LSE and the politics of “twinning”

This is a guest post by Petra Marquardt-Bigman.

The Jewish Chronicle reported recently about the controversy surrounding an initiative by the student union of the London School of Economics (LSE) to “twin” with the Islamic University of Gaza. A vote on the motion in the student union resulted in 161 votes for and 131 votes against the motion. The proponents of the motion argued that they wanted to “show solidarity with the students there [i.e. in Gaza] who have had their campus bombed and their colleagues killed by the Israeli Occupation Forces;” the motion’s opponents highlighted the fact that the Islamic University is a Hamas stronghold and has been used to launch attacks on Israeli population centers.

To be sure, the English-language website of the Islamic University in Gaza appears innocuous enough; yet, the university has repeatedly made headlines highlighting distinctly unacademic pursuits and close connections with prominent Hamas leaders.

In February 2007, security forces affiliated with Palestinian President Mahmoud Abbas raided the Hamas-linked university and reportedly arrested several Iranian military experts who supervised the manufacturing of explosives in the chemistry labs; hundreds of weapons and a lathe for the production of Qassam rockets were also seized in the raid. Shortly afterwards, there were also reports claiming that Gilad Shalit, the Israeli soldier who was kidnapped in June 2006, had been held for several months on the campus of Gaza’s Islamic University.

The university was again in the news during Israel’s Gaza campaign a year ago, when Israeli airstrikes targeted laboratories and facilities that were reportedly used for military purposes by Hamas.

Another airstrike that targeted a central Hamas compound and weapon storage in the Jabaliya refugee camp killed the university’s most notorious professor, Nizar Rayyan. Rayyan was a professor of Islamic law, revered by his students as a prominent Muslim scholar, and he also served as a preacher at several mosques. But Rayyan was also a Hamas military commander who was regarded as one of the most popular and influential Hamas leaders in Gaza and the “spiritual” leader for Hamas’s armed wing. Rayyan was an ardent advocate of suicide bombings and a firm believer in the glory of “martyrdom” – and he was willing to practice what he preached: In 2001, he sent one of his sons to carry out a suicide attack in a Gaza settlement.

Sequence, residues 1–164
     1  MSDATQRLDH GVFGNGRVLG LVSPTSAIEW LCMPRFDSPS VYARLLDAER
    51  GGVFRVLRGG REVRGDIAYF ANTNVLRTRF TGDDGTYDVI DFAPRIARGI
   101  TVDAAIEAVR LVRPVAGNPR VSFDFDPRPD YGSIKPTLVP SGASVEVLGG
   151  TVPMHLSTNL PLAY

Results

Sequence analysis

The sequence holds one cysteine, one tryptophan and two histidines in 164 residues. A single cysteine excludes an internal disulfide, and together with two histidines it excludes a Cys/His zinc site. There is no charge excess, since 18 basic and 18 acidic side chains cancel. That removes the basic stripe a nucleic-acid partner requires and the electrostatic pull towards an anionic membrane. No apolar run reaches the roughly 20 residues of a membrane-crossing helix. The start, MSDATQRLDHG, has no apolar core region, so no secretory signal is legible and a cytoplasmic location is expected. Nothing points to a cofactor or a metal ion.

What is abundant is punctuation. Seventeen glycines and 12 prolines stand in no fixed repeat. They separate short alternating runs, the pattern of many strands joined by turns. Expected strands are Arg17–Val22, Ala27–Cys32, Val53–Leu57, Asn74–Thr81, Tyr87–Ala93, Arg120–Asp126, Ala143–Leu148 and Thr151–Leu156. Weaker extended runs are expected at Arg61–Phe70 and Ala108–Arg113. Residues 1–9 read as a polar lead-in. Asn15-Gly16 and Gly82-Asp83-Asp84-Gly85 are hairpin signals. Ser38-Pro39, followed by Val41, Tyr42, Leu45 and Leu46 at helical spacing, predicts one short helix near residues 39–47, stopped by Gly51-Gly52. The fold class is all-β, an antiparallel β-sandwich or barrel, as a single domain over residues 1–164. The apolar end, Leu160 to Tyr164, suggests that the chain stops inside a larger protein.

Reacting to the news of Rayyan’s death, Jeffrey Goldberg, who had met and interviewed him, recounted in a post Atlantic on his blog at the that he once asked Rayyan “if he could envision a 50-year hudna (or cease-fire) with Israel.” Rayyan explained in response: “The only reason to have a hudna is to prepare yourself for the final battle. We don’t need 50 years to prepare ourselves for the final battle with Israel.” According to Goldberg, Rayyan argued that “true Islam” could never accept a Jewish state in the Muslim Middle East, because “Israel is an impossibility. It is an offense against God.”

Goldberg also recounted what Rayyan thought about Jews:
“Allah changed disobedient Jews into apes and pigs, it is true, but he specifically said these apes and pigs did not have the ability to reproduce. So it is not literally true that Jews today are descended from pigs and apes, but it is true that some of the ancestors of Jews were transformed into pigs and apes, and it is true that Allah continually makes the Jews pay for their crimes in many different ways. They are a cursed people.”

Another prominent figure affiliated with the Islamic University is Gaza’s Hamas prime minister Ismail Haniyeh, who is a graduate of the university, was appointed as dean in 1993 and served as leader of the Hamas student movement. While Haniyeh is often described as a “moderate” or “pragmatist”, he reportedly likes to consult with one of Gaza’s more radical Muslim scholars, Marwan Abu Ras, who is known as “Hamas’ mufti.” A year ago, the news magazine Spiegel reportedon the views held by Abu Ras and the role he played:

“Gaza’s top administrator, Ismail Haniya, and Mahmoud Zahar, one of the founders of Hamas, like to discuss religious matters with Abu Ras, who studied in Medina. […] it was a fatwah, or religious edict, issued by Abu Ras that cost about 100 Fatah members their lives during and after the four-day power struggle last year [i.e. 2007]. ‘Anyone who has committed murder must also be punished with death,’ says the mufti. ‘Before Hamas came into power, there was a lot of crime here. Now we have restored order.’ Order also means torture, even if this isn’t exactly something Abu Ras is willing to admit. Palestinians who have fled to the West Bank report being nailed to the wall, confined in coffins or subjected to mock executions by Hamas. ‘We will take the best aspects of the Iranian and the Saudi Arabian system,’ says Abu Ras, stressing that women, of course, can continue to attend the university, go to the market and drive. ‘We aren’t the Taliban, after all,’ he says.”
Hamas may not be the Taliban, nevertheless, there has been a gradual Islamization of life in Gaza under Hamas rule and many of the new restrictions affect girls and women in particular.

Last but not least it should be noted that Abu Ras, the “Hamas mufti”, reportedly taught at Gaza’s Islamic University for 25 years, and apparently, he also likes to refer to Jews as “the brothers of apes and pigs”.